Yes you Can, part 4

Sunday, May 23, 2010

The governor of California — which has the only state government certifiably sicker than Illinois' — has confronted his legislators with a "Sophie's Choice" that the San Jose Mercury News sums up as: "You can save the poor, or the pensions." With that, Arnold Schwarzenegger has put on the defensive legislative leaders who have overpromised taxpayers' dollars to needy citizens and state workers. Looks as if the Terminator has dug in for an epic battle to force overdue spending reforms on his state's broke and broken government.

In Illinois, meanwhile, lawmakers who've spent two weeks on paid holiday (while health providers and other vendors go unpaid) return to Springfield to face their own overcommitments. They have wasted nearly two years without reforming how Illinois does business.

While legislators wait for their leaders to tell them how to vote, they can ponder this: Research from Northwestern University and the University of Chicago projects that Illinois pension plans could run out of money as early as 2018. That's eight years earlier than the projected collapse of California pensions, in 2026.


You might think Illinois' shameful insolvency, its crushing pension obligations and its loss of a half-million taxpayers' jobs would have Gov. Pat Quinn dug in for his own epic battle over spending. Instead, he's still talking tax increases — a strategy certain to keep driving job creation to lower-cost states.

And never mind the global financial crisis that overborrowed governments have wrought: While acknowledging to the Tribune editorial board Thursday that Illinois' debts and unfunded obligations have grown into the range of $130 billion to $175 billion, Quinn's budget director and chief of staff said they want legislators to borrow more: They want four more borrowing streams that total … another $9.3 billion in debts.

One stream would raise some $3.8 billion for the state's payment to its pension funds. Taxpayers wouldn't repay that borrowing until 2019. This is madness — a race to rig the 2011 budget by denying Illinois needs future revenues for pension payments in 2012, 2013, 2014 …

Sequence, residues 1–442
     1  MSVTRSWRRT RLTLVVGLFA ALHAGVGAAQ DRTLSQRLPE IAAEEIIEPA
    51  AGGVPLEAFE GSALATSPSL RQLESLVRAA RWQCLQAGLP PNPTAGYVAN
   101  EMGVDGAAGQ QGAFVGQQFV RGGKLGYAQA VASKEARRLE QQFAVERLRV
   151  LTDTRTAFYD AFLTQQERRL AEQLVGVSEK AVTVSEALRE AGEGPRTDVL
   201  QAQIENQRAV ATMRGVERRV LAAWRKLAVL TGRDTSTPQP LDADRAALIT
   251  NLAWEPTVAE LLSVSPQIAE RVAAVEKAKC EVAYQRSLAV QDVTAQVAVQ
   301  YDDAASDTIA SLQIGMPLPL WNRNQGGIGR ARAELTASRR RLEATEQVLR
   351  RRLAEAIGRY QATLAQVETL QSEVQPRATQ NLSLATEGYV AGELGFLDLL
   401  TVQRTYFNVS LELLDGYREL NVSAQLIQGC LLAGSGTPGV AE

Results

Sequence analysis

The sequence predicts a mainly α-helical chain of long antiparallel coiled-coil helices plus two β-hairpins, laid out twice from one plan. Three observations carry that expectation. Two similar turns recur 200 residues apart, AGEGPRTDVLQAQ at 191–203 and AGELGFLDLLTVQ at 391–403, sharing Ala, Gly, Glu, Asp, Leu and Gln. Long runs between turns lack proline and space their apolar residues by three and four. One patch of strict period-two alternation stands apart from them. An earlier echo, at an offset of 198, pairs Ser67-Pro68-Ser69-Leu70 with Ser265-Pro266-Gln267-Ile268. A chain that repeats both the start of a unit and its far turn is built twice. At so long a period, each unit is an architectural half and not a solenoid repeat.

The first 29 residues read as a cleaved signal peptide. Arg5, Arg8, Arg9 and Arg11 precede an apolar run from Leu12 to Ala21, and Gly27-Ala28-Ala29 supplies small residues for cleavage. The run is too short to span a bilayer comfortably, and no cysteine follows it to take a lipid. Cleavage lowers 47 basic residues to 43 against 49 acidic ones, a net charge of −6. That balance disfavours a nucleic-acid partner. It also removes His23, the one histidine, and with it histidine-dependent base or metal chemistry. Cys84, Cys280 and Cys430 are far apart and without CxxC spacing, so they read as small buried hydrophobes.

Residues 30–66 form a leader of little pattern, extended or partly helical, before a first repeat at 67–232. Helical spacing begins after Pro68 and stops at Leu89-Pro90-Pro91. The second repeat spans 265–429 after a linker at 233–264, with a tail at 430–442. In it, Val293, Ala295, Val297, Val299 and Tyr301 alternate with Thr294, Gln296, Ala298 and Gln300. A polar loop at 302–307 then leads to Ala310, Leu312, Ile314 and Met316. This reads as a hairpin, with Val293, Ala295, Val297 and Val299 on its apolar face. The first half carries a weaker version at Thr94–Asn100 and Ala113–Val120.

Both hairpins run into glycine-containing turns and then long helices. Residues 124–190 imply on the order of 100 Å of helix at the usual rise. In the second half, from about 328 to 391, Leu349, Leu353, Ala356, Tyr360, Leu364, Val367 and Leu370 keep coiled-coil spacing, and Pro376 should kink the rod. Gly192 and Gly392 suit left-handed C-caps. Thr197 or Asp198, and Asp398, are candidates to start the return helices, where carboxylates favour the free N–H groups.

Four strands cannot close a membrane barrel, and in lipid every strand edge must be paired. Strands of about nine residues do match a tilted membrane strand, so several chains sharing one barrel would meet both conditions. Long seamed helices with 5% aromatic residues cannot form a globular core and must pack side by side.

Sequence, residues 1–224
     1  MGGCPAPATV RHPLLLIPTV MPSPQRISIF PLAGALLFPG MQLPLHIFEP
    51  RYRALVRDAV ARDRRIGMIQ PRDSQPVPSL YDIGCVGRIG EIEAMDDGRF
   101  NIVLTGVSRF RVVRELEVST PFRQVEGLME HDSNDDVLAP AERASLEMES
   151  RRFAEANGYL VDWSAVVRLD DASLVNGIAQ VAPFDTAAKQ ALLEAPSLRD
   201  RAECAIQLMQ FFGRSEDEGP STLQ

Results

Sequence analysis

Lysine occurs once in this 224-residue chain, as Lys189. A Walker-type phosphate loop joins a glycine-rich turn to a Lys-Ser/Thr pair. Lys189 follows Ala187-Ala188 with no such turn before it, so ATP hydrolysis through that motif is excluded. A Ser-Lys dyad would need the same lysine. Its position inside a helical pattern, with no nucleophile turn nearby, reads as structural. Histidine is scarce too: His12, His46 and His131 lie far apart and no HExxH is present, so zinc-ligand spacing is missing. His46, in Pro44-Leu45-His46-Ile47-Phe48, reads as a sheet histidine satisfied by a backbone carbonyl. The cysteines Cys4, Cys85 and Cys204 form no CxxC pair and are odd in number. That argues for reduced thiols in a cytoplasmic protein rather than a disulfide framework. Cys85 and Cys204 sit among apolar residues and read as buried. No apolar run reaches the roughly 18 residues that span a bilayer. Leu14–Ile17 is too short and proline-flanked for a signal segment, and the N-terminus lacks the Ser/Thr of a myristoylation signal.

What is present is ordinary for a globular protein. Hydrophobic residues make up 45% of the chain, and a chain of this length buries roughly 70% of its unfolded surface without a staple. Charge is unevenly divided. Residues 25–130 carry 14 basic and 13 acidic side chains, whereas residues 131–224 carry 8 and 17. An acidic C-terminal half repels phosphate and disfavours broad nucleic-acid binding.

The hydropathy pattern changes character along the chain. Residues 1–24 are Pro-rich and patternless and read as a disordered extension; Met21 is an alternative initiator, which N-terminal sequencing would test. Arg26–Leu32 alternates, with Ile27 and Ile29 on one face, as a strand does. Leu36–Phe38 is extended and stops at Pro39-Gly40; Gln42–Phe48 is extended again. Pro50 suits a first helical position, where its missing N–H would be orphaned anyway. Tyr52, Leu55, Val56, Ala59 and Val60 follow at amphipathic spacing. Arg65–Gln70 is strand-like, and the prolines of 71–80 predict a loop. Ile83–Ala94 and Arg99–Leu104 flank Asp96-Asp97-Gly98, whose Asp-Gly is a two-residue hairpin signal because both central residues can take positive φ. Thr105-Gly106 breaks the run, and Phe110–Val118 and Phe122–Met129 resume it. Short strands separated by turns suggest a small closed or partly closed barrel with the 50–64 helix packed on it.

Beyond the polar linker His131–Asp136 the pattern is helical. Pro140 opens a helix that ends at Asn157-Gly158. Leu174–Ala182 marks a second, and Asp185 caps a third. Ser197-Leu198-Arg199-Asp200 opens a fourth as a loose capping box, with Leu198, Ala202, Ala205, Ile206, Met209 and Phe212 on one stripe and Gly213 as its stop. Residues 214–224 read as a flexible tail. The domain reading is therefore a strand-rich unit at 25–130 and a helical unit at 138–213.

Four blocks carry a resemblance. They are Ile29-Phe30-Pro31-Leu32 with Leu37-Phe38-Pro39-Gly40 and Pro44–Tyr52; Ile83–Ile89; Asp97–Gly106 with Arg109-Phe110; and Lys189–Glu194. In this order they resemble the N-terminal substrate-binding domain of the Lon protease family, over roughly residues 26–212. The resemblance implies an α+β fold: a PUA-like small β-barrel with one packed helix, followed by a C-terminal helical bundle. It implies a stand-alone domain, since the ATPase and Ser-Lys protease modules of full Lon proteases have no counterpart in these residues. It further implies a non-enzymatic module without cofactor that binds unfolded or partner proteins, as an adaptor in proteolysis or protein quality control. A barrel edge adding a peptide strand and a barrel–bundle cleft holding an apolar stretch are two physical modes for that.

We were pleased to hear the governor's top staffers suggest that Illinois can't erase its $13 billion budget deficit — recklessly accumulated over several years — in one budget. Three months ago, on Feb. 28, we offered an option that's still available: at least $6.4 billion in recurring savings that would in time nix the deficit:

• Roll back spending to 2007 levels to tighten programs and payrolls. Yes, state employees unions oppose this savings of $2.5 billion.

• Drop school funding by $560 million, not the $1.3 billion Quinn threatened with fingers crossed. Let teachers unions oppose this cut of 2.1 percent from the $26.1 billion from all sources — $13,000 per student — that public schools spent last year. (That total excludes, yes, pension costs!)

• Trim current employees' future pension earnings for cost reductions of $2.1 billion a year. Note that Winston & Strawn has joined the list of world-class Chicago law firms (Jenner & Block, Mayer Brown, Sidley Austin and Sonnenschein Nath & Rosenthal) that say the Illinois Constitution permits this. For the fourth time, legislators: Yes, you can. Unions or no.

• Delay your capital spending plan. Quinn's people want to borrow $3.6 billion for this in 2011. No. Use the revenues that would have gone to new bondholders to offset $500 million in state spending. Road builders will beef? Tough. This is a crisis.

• Save $600 million by halving the income tax slice you give local governments. Richard Daley and other mayors will say that would force them to raise taxes? Let's see if their constituents agree.

• Medicaid? In short order you can save billions. If, that is, you for once stare down protectors of the current delivery system.

Legislators, Gov. Quinn, the voters of Illinois have had it with your refusal to discipline yourselves. Stop borrowing. Stop appeasing all the interests so tightly wedded to — with apologies to Rod Blagojevich — business as usual. Start cutting, by multiple billions.

Look at the mess that is California. The mess that is Illinois. Then dig in for an epic battle to force spending reforms on this broke and broken government.